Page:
SteamOS 1.0 Alchemist, which was released last week, is an operating system for “TV and your living room” which is based on the Linux core. Having installed this OS on your computer you will get access to hundreds of games and applications distributed via Steam network.
Valve developers decided against building a new operating system from scratch and took a stable version of Debian GNU/Linux distributive as a basis. It provided SteamOS with its user interface and software repository, which are controlled by Valve. But in general it still looks and behaves like Linux with all the possible consequences.
SteamOS 1.0 is only the first beta version, and its installation is not recommended for a regular user. Installation package threatens to occupy almost all space on your hard drive and if installed incorrectly may lead to some undesirable effects. But those who have already installed Linux distributives should manage the installation of SteamOS all right.
Valve themselves consider the connection to the free OS to be a real advantage for their product. Among the main pros they name the increased efficiency (as compared to MS Windows) and the fact that SteamOS is also as open as Linux. I think that it will be good for many users: they will be able to turn a regular computer into a gaming one just by installing additional software from Debian repository. SteamOS also has a standard system version to which you can restore in case something happens.
Right now SteamOS is available for download from the Valve site (here) but starting from January the company is planning to produce Steam Machines – consoles with recommended configuration produced by Valve or its partners. Additional advantage of this device will be the possibility for a user to choose the option that suits him or her best: either to buy a ready-to-use Steam Machine or make up his own one on the basis of the instructions by Valve. The only difference will be the absence of Valve Steam Machine Controller – an exclusive manipulator which will be provided by Valve only. But the company has already stated that its availability is not critical.
Either bought or self-assembled Steam Machine will have a competitive edge over its main rivals, Xbox and PS4. Firstly, in terms of money, as some users can buy a standard edition and other can use upgraded version with more powerful graphic card and processor. Secondly, Steam Machine can be easily upgraded as its architecture is open. And thirdly, there’s a lot of software available at the repository.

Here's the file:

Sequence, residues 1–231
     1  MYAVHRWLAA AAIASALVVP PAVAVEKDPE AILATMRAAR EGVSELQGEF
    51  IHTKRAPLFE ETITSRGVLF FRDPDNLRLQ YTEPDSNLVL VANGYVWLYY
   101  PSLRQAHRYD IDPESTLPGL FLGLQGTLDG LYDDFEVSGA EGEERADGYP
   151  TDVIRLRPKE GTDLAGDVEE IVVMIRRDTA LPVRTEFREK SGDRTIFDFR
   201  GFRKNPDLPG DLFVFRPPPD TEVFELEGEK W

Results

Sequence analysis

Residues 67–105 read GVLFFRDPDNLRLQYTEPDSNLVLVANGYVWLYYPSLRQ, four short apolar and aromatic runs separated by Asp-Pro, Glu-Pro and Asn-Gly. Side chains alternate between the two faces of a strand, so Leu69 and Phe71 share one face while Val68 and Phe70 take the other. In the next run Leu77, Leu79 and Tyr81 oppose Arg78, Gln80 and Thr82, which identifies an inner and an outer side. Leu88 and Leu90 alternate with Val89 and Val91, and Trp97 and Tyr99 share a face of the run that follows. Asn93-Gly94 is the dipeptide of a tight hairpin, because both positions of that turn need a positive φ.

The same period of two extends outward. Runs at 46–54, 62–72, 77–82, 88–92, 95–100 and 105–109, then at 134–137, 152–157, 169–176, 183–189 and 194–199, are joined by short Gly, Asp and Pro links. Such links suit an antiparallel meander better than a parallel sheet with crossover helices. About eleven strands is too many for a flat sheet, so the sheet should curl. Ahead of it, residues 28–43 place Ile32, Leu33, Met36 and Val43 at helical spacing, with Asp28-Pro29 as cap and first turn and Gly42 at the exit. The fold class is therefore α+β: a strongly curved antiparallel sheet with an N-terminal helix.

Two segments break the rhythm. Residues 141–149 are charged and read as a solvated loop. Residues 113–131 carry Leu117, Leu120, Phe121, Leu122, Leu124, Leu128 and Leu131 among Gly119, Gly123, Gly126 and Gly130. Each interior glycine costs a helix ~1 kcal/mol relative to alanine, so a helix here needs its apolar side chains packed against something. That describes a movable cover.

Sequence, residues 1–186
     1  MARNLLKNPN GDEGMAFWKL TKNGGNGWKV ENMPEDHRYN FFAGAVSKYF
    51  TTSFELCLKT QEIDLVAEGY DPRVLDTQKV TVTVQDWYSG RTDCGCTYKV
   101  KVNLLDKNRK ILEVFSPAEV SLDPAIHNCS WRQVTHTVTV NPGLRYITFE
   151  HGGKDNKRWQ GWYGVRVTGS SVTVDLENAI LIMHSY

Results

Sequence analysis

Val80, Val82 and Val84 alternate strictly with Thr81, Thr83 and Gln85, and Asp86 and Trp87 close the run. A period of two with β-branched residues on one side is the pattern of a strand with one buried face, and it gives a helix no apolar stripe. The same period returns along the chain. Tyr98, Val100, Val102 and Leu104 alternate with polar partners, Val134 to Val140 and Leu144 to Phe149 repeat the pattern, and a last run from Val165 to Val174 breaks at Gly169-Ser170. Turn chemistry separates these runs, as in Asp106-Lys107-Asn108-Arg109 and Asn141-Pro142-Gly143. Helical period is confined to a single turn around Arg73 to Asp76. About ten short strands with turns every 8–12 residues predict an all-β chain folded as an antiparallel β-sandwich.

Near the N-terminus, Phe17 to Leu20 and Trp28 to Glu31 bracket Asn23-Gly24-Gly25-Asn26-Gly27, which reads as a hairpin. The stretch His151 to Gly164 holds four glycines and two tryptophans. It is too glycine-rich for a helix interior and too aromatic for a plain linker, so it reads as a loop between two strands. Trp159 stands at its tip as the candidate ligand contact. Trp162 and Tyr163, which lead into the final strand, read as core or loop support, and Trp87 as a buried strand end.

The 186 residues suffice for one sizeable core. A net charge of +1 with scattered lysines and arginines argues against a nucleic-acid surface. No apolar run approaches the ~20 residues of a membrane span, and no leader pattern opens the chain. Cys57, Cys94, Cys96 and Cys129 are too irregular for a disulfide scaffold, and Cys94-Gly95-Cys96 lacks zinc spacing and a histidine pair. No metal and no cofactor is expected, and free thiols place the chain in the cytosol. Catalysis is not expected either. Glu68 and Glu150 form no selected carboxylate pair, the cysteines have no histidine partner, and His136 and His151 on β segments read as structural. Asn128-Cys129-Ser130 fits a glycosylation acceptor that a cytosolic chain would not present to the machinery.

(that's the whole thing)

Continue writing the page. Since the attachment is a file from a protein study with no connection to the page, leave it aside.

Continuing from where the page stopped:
Nevertheless, it’s still early to say that the OS is ready for mass installation. Actually, I’d recommend installing a regular Steam client for your computer and wait a little bit until Valve releases a more stable version of the operating system which will exclude some bugs, will have the option of “home screening” and add the access to media services.
But the main question that a lot of people have in mind regarding this release is the following: will SteamOS change the alignment of forces in the gaming world? And the question is not only about games, but also about the possible increase of Linux popularity. Valve has no doubts about it and points at the OS’s advantages for developers: the OS is free for everyone, regular users can access developers more easily, and developers, in their turn, can react to complaints and suggestions faster.
If you think that the positions of Sony and Microsoft are firm and can’t be shattered, then just think about these numbers: today Steam has around 65 mln users, and 7 mln are online simultaneously, 3 out of 4 games sold online are sold via Steam, etc. These numbers can be compared to the number of the consoles sold. So personally I think that StreamOS has some future ahead. And so does Linux.
Eugene is a senior online marketing manager for Apptraction (visit their site http://www.apptraction.com/), a New York based mobile development company with focus on iOS app development.